The Most Un­der­rated Skill in Man­age­ment

Here’s how to up your game — and avoid some com­mon mis­takes — as you go about de­vel­op­ing what we be­lieve to be the most un­der­rated skill in man­age­ment.

Rotman Management Magazine - - CONTENTS - By N. Repen­ning, D. Ki­ef­fer and T. As­tor

The au­thors ar­gue that one par­tic­u­lar skill has emerged as the most im­por­tant — and un­der­rated — skill in all of man­age­ment prac­tice.

we have worked with dozens of or­gaOVER THE PAST TWO DECADES, niza­tions, help­ing them with ev­ery­thing from manag­ing beds in a car­diac surgery unit to se­quenc­ing the hu­man genome. While the work it­self has been highly var­ied, one thing has be­come clear to us: Prob­lem for­mu­la­tion is the sin­gle most un­der­rated skill in all of man­age­ment prac­tice.

There are few ques­tions more pow­er­ful than, ‘What prob­lem are you try­ing to solve’? In our ex­pe­ri­ence, lead­ers who can for­mu­late a clear prob­lem state­ment get more done with less ef­fort and move more rapidly than their less-fo­cused coun­ter­parts. Be­fore we de­scribe how to im­prove this ca­pa­bil­ity within your­self, let’s take a quick look at some­thing that of­ten gets in the way: the work­ings of the hu­man mind.

Re­sist­ing the As­so­cia­tive Ma­chine

Re­search in­di­cates that our brains have two pri­mary meth­ods for tack­ling prob­lems, and which method dom­i­nates — and thus de­ter­mines the fi­nal answer — de­pends on both the sur­round­ing con­text and the cur­rent state we are in.

As the name sug­gests, con­scious pro­cessCONSCIOUS PRO­CESS­ING. ing rep­re­sents the part of your brain that you con­trol. When­ever

you are aware of your men­tal ef­fort or tell some­one that you are think­ing about some­thing, you are us­ing con­scious pro­cess­ing. This type of cog­ni­tion can be both pow­er­ful and pre­cise. It is the only part of the brain ca­pa­ble of what psy­chol­o­gists call cog­ni­tive de­cou­pling and men­tal sim­u­la­tion — the abil­i­ties to form a men­tal pic­ture of a sit­u­a­tion and then play out dif­fer­ent pos­si­ble sce­nar­ios, even if those sce­nar­ios have never oc­curred be­fore. Con­scious pro­cess­ing is the do­main of logic, in that it uses knowl­edge about the world to con­struct pos­si­bil­i­ties that ex­tend be­yond our own ex­pe­ri­ence.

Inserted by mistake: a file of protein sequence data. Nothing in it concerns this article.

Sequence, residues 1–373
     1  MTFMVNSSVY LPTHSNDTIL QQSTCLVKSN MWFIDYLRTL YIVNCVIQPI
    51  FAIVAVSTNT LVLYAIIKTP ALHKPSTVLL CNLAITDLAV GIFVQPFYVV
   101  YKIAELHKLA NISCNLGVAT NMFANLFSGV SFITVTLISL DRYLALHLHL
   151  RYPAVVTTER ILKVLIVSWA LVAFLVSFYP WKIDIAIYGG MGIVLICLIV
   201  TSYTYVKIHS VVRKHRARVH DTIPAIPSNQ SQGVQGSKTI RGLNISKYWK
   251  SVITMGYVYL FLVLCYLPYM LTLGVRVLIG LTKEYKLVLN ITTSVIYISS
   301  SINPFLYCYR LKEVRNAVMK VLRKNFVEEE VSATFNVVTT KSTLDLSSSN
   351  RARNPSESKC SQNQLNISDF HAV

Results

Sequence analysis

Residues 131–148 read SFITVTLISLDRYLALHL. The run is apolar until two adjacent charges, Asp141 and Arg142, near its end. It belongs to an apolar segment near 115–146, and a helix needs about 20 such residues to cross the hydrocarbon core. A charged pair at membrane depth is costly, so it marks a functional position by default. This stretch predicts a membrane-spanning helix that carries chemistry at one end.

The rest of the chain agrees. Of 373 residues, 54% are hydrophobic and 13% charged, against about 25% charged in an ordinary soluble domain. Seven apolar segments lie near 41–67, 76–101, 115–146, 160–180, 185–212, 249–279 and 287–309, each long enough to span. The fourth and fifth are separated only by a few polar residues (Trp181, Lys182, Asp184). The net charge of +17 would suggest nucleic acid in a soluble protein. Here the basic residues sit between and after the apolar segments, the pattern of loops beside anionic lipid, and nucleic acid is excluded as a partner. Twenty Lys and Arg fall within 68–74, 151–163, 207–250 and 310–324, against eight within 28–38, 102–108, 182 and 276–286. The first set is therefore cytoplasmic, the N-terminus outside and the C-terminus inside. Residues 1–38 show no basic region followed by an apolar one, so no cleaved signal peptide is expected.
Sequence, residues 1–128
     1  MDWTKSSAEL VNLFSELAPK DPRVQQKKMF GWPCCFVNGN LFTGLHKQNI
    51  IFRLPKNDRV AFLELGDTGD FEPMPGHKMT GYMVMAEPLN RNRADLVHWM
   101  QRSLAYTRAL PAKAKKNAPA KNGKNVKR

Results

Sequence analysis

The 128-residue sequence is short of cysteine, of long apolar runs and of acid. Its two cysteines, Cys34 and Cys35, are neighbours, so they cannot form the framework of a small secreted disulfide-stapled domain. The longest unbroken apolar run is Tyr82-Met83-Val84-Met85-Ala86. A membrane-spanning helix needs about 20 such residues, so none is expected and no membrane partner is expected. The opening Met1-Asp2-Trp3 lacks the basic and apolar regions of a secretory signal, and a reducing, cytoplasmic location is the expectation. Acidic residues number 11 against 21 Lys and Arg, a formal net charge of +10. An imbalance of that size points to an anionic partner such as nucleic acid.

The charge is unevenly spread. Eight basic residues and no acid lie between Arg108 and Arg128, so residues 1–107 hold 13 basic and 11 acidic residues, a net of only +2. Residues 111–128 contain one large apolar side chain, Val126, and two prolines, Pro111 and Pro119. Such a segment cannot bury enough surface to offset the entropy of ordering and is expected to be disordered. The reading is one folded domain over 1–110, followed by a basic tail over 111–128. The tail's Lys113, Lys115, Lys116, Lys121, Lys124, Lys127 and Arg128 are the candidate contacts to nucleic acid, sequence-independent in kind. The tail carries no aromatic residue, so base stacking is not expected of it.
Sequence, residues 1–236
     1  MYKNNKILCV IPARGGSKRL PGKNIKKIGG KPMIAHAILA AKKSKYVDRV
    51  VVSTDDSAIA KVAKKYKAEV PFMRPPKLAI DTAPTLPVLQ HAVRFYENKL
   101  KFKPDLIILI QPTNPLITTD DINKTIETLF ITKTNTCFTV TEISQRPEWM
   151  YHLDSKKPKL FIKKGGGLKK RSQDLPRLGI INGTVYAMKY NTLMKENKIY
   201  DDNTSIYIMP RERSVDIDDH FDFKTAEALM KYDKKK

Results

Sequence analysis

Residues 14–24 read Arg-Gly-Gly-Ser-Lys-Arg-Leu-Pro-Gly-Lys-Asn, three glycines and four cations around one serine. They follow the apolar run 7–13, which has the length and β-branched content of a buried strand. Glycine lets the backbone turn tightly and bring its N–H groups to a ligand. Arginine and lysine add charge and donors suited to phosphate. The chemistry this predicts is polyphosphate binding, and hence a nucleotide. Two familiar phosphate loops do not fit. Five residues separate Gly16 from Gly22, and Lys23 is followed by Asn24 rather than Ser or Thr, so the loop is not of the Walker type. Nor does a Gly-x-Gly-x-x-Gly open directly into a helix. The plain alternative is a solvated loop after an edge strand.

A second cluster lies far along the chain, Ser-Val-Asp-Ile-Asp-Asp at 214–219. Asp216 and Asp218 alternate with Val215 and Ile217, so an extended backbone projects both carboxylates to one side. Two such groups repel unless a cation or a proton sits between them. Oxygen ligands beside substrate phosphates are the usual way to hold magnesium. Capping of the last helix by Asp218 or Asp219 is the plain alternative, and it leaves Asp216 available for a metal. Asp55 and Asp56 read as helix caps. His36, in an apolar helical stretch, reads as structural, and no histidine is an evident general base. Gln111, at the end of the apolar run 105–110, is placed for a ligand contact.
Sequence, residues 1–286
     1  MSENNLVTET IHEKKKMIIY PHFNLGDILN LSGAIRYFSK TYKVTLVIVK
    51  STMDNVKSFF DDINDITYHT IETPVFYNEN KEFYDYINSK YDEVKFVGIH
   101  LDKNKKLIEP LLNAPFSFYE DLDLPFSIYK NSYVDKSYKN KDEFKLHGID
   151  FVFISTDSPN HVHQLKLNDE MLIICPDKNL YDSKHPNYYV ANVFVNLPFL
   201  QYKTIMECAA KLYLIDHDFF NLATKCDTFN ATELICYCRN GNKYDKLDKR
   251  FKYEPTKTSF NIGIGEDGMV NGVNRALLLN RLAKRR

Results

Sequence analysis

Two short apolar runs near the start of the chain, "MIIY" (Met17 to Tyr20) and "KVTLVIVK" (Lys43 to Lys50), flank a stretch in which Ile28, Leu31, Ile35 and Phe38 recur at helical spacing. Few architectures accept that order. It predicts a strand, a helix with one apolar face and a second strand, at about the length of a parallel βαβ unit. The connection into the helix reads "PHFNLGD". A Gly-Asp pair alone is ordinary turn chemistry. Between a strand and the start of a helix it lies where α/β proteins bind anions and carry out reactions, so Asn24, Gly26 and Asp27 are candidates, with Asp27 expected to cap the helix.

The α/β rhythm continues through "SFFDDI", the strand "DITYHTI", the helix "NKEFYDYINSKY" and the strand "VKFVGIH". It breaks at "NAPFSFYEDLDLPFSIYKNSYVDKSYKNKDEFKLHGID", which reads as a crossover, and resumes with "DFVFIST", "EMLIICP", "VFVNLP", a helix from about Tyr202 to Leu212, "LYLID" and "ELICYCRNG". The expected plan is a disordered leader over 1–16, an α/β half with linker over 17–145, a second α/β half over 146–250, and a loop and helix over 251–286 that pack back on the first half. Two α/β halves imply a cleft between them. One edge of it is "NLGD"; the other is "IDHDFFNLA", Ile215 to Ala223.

Men­tally com­par­ing a de­sired state to the cur­rent one is likely to lead to the de­sired change.

We can­not con­trol this type of think­ing or AU­TO­MATIC PRO­CESS­ING. even ‘feel’ it hap­pen­ing; we are only aware of the re­sults — such as hit­ting the brakes when some­one stops sud­denly on the road in front of us. If a piece of long sought-af­ter in­for­ma­tion has ever just ‘popped’ into your head days later, you have ex­pe­ri­enced the work­ings of your au­to­matic-pro­cess­ing func­tion. Be­cause we lack direct ac­cess or con­trol, the work­ings of the au­to­matic pro­cess­ing func­tion some­times feel mag­i­cal and we use words like ‘gut in­stinct’ and in­tu­ition to de­scribe them.

Not sur­pris­ingly, our au­to­matic pro­cess­ing func­tions tackle prob­lems very dif­fer­ently than their con­scious coun­ter­parts. When we tackle a prob­lem con­sciously, we pro­ceed log­i­cally, try­ing to con­struct a con­sis­tent path from the prob­lem to a so­lu­tion. In con­trast, the au­to­matic sys­tem works based on as­so­ci­a­tions or ‘pat­tern match­ing’. When con­fronted with a prob­lem, the au­to­matic pro­ces­sor tries to match the chal­lenge to a pre­vi­ous sit­u­a­tion and then uses past ex­pe­ri­ence as a guide for how to act. Be­cause au­to­matic pro­cess­ing is re­liant on pat­terns from our past ex­pe­ri­ence, it can bias us to­wards the sta­tus quo.